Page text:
The number of tickets for each team at each control point and deployment zone is set at the beginning of the scenario. Usually the number of tickets is the same for all control points, with deployment zones having a larger number of tickets than a single control point has. Control points with different number of tickets could be used to make a point more valuable for a team to own, could be used to encourage conflicts in certain areas, or could be used to represent that an area deep in enemy territory is harder for one team to control with one team having more tickets there than the other.
The ropes at each control point are used to control capture of the point. Initially the ropes at each control point have no knots in them. To capture a neutral control point a “living” player from that team must tie a pre-determined number of knots into their team’s rope, (Simple overhand knots only) at which point they raise their team’s flag at that control point. (Note: The point is owned by that team once the required knots have been tied. A dead player is allowed to raise the flag at that point.)
To capture an enemy control point a living player must untie all the knots from the enemy team’s rope first. Once the last knot in the enemy team’s rope is untied the control point becomes neutral (players should take down the enemy flag) and no team can spawn there at all. Then a living player must tie the required knots for their team’s rope to capture the control point, at which point they switch the flag to their color and then their teammates can spawn at the point.
A player may re-tie knots in their own team’s rope, but may not tie more knots than the number allotted for that point. A player must always untie knots in the other team’s rope before they are allowed to start tying knots in their own team’s rope, and may never tie knots in their rope if there are knots in the opposing team’s rope.
Alternatively it can be setup so points do not go neutral once a team’s knots have been untied from their rope. In this case players may keep spawning at the control point until the enemy team has tied their last knot and captured the control point, at which point flags are changed. This makes it harder to capture points because defenders may spawn at the control point for a longer period of time.
The basic idea for the game is to require that a number of knots be set for each points which is universal. (For example, five knots.) However if desired each control point can be given different numbers of knots required. In this case each point will have the number of knots required posted next to that team’s rope. For example if a certain control point is more valuable then it may have a higher number of knots required for both teams. Or if a control point is close to one team’s deployment and it’s desired to represent the “home territory” aspect then one team could only need 3 knots on that control point while the other team requires 7 knots.
Example of capturing a control point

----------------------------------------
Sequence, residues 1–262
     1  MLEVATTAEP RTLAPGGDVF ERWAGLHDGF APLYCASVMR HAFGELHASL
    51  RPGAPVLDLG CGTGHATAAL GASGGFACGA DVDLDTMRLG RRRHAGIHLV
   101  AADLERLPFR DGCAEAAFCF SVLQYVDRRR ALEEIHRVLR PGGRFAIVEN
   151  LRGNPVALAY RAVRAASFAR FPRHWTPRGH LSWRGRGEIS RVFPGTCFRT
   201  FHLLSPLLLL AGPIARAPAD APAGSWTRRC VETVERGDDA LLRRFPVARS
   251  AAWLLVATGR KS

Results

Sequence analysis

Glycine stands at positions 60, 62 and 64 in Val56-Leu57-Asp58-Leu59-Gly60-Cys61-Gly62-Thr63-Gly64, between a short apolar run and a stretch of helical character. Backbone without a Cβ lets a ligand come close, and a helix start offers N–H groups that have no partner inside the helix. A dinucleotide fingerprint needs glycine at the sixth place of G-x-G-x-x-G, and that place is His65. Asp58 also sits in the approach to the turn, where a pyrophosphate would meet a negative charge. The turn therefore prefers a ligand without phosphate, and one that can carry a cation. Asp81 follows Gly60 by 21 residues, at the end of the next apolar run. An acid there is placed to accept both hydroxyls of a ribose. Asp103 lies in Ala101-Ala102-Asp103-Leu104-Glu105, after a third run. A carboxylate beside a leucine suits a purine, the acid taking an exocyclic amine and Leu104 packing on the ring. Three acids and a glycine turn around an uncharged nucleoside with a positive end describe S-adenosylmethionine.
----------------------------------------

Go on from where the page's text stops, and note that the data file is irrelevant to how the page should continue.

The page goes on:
Control Point #2 is neutral. A team must tie 5 knots in their rope to capture this point. A Blue player comes to the point and ties 5 knots in their rope, capturing the point and raising the Blue flag over Control Point #2. Blue players may now spawn at the spawn points marked #2. Later on a player from the Red team assaults the point and unties all 5 of Blue’s knots. They knock down the Blue flag and Control Point #2 is neutral again. Now no players may spawn at spawn points marked #2. The Red player ties 3 knots in the Red rope before they are hit and eliminated. Control Point #2 point is still neutral. A Blue player returns and unties all of the Red team’s knots and ties 2 knots in the Blue rope before they are hit and eliminated. The point is still neutral and no players may spawn at spawn points marked #2. After a pitched exchange a Blue player returns and ties 3 more knots into the Blue rope, capturing the point for Blue again and raising the Blue flag over Control Point #2 once more. Blue players may now spawn at the spawn points marked #2 again.
A short while later another Red player assaults Control Point #2 and unties 3 of Blue’s knots before they are hit and eliminated. 2 knots remain on Blue’s rope so Control Point #2 is still owned by the Blue team. A Blue player spawns at one of the #2 spawn points, using 1 Blue ticket for Control Point #2, and reties 2 knots on Blue’s rope. The Blue player may not tie a third knot because that would raise the number of knots of Blue’s rope to 6, which is more than the number required for the point.
Please direct any questions or comments on this to the comments section below. I’ll post an example of what a scenario using these rules would look like in the coming days.
Buckets and ropes roflmao. Ever heard of chess clocks?
https://furluge.com/2011/01/15/alternate-control-points-for-airsoft-conquest-scenarios/ was written write after this one and it’s done using stopwatches. The idea behind using the ropes was to keep costs down. All the chess clocks I looked at when I wrote this up were more expensive then I would like, and you would have to teach people to reset them for each capture. Ultimately what really killed this idea is I could never make it bone-headedly simple enough for use in a game.
Actually I kinda love this system. Its manual, you have something to do and it’s not just a chessclock. Looks very funny!
I love this system! It’s manual you have sth to do and it’s not just a boring chessclock. Awesome idea!